Australian exhibits sculpture in Hanoi
The piece, named ‘Life Boat’, was created from an old wooden boat, known as ghe bau, which was used to carry goods like ceramics, bronze tools, fish sauce, pepper, herbs, and spices from Vietnam to neighboring countries hundreds of years ago.
The distinctive characteristics of a ghe bau are its gourd-shaped hull and an eye painted on its prow, which fishermen believe helps the boat and its passengers.
The sculpture comprises the solid frame of the wooden boat, eight wooden oars, coated with lacquer, stylishly made to look like the arms of the Goddess of Mercy who is supposed to have a 1,000 arms and eyes.
Martini said the special shape of the ghe bau as well as the unique Guanyin, the goddess, statue at the famous But Thap Pagoda in the northern Bac Ninh province gave her the inspiration to create the work.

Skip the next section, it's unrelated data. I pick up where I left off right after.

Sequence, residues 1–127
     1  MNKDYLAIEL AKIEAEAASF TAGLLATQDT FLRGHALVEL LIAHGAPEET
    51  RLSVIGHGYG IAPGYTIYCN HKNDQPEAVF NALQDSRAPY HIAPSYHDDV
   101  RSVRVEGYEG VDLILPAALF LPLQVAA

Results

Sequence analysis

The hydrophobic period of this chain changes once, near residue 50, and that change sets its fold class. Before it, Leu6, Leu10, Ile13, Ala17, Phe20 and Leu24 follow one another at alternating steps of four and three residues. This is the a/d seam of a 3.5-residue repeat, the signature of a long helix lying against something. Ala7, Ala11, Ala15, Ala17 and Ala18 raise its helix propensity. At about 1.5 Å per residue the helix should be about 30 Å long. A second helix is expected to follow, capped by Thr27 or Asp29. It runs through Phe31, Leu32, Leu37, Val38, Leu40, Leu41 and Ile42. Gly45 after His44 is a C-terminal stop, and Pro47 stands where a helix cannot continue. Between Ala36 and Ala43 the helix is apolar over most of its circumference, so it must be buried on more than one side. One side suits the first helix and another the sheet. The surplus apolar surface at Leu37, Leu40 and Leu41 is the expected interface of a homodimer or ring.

But Thap, one of the finest pagodas in the country’s north, is known as Vietnam’s first Buddhist center.
Through the work the sculptor reflects her view of the life of different peoples in Vietnam and particularly the relationship between them and water, both physically and spiritually.
The exhibit also tells about sea voyages and the bravery and love of the industrious Vietnamese.
Born in 1968 in Australia, Martini studied fine arts at Perth and Canberra before completing a post-graduate course on sculpture at the New South Wales University in 1997.
Her sculptural works were selected for the annual exhibition, Sculpture By the Sea, in Sydney in 1998, 2000, 2001, and 2003. She also displayed her works at the Blake Prize Exhibition in Sydney last year.
Martini has shown keen interest in Vietnamese culture after her first visit to the country in 2004. She returned to Vietnam last December to create the Life Boat.
The exhibition at the Vietnam Museum of Ethnology will end April 30.